Detroit residents love their pets, and with May being National Pet Month, it’s more important than ever to keep your pet cool and hydrated. Dogs can especially wear themselves out in the hot sun and many pets don’t fully realize the effect heat can have on their body before it is too late. Ryan McTigue is a public relations coordinator with the Michigan Humane Society and here are some suggestions from the MHS to help keep your pet safe this summer.
Ryan McTigue
Michigan Humane Society
30300 Telegraph Road #220
Bingham Farms, MI  48025
(248) 283-1000
www.michiganhumane.org

As a private, nonprofit organization, the Michigan Humane Society delivers care and service for countless animals and pets in the southeastern section of Michigan. It is the Mitten State’s biggest and longest-running animal welfare group and has three locations for animal support in Detroit, Westland, and Rochester Hills. The Michigan Humane Society relies completely on the donations and support of corporate and individual supporters to continue operating year-after-year and does not receive any funds from the government.

(The Michigan Humane Society suggests that pets should live indoors, where it is cooler. Photo Credit: Michael Ferro)

(The Michigan Humane Society suggests that pets should live indoors, where it is cooler. Photo Credit: Michael Ferro)


Pets Should Live Indoors For Safety

A well-ventilated home is the best place for a pet during the hot summer months. When it is warm out, heat-related illnesses can be a danger to pets. Keeping animals indoors will also reduce a pet’s exposure to harmful insects, such as ticks, mosquitos, and fleas, as well as internal parasites. Shade cannot be a guarantee of safety for pets outdoors for a long period of time. A home without air conditioning can be made safer with the use of fans to circulate air and basements can be the coolest place for a pet during the hottest hours of a summer day.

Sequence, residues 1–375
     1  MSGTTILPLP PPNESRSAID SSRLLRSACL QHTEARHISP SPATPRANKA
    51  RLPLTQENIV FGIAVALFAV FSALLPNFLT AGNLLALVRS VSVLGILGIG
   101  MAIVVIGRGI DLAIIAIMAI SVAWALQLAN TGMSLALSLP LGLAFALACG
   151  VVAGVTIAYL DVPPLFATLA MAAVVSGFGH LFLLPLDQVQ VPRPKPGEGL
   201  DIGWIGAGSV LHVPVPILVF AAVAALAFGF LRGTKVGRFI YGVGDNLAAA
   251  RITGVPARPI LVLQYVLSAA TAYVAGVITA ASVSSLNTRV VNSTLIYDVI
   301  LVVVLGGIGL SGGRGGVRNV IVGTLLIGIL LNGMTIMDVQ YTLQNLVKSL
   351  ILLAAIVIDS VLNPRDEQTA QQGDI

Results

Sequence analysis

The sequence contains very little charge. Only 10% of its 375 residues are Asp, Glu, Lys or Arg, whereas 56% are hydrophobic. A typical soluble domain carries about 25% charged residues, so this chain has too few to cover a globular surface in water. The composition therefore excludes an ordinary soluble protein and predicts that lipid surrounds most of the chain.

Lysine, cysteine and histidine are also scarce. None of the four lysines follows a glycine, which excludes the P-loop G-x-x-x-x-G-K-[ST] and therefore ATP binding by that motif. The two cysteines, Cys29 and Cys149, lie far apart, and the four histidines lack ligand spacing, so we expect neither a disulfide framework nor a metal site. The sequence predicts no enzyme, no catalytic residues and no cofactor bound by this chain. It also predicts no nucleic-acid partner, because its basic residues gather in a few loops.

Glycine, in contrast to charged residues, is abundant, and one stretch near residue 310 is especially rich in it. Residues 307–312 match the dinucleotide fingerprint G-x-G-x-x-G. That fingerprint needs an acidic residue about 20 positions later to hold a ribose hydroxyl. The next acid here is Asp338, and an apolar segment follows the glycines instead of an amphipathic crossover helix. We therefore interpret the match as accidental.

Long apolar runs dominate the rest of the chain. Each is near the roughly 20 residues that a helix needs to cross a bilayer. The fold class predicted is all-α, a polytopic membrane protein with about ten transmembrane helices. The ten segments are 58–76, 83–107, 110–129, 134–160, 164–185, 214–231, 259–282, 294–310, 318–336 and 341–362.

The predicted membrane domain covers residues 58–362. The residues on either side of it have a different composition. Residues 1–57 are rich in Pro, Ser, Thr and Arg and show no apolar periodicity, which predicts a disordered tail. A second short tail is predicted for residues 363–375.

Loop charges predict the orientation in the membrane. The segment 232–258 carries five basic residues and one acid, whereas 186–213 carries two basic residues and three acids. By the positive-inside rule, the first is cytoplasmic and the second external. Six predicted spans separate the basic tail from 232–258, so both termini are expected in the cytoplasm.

Cool Water Should Always Be Available

Pets, like humans, require easy access to lots of clean, fresh water. Keeping the water cool will help to ensure a pet stays cool, as well. In order to regulate an animal’s body temperature, hydration is necessary for both dogs and cats. Making sure your pet has free access to plenty of water will ensure that your pet is able to stay safe this summer.

Dogs Should Not Be Chained Or Tethered Outdoors

Dogs especially can become entangled when chained or tethered in a yard or seemingly-open area. Doing so may also prevent a dog from being able to access shade or reach their source of water, or the water dish could be spilled by a tether. Also, a part of the yard that may be in the shade in the morning hours might not be in the shade as the day goes on and the sun moves across the sky, which could present a timely issue of danger for your dog.

Related: Best Parks In Detroit

(The Michigan Humane Society suggests avoiding the heat of the day when walking and exercising your pets. Photo Credit: Michael Ferro)

(The Michigan Humane Society suggests avoiding the heat of the day when walking and exercising your pets. Photo Credit: Michael Ferro)


Avoid Laborious Exercise With Your Pets During Hot Days

Like humans, pets can overheat and overwork themselves in the hot summer sun. While a walk with your pet might be a fun activity during nice weather, please do so with caution and try to only do so during the cooler hours of the day, such as the early morning or late evening. The walking surface itself, such as hot asphalt or concrete, can also be a danger as it can cause your pet’s delicate paw pads damage.

Specific Dogs Need Special Hot Weather Considerations

Many particular breeds of dogs, including short-nosed breeds like pugs and bulldogs, can have difficulty breathing in hot weather. This can also cause the dog to be more prone to suffer from heatstroke. Some breeds of cats with long hair, like the Persian, also must be considered in hot weather as they can be susceptible to overheating, as well. Ask your veterinarian if your animal requires special attention in hot weather.

Related: Best Dog Runs In Detroit

Michael Ferro is freelance writer and a graduate of Michigan State University where he majored in Creative Writing and received the Jim Cash Creative Writing Award. Born and bred in Detroit, he currently resides in Ypsilanti Township. Additional writing can be found at Examiner.com.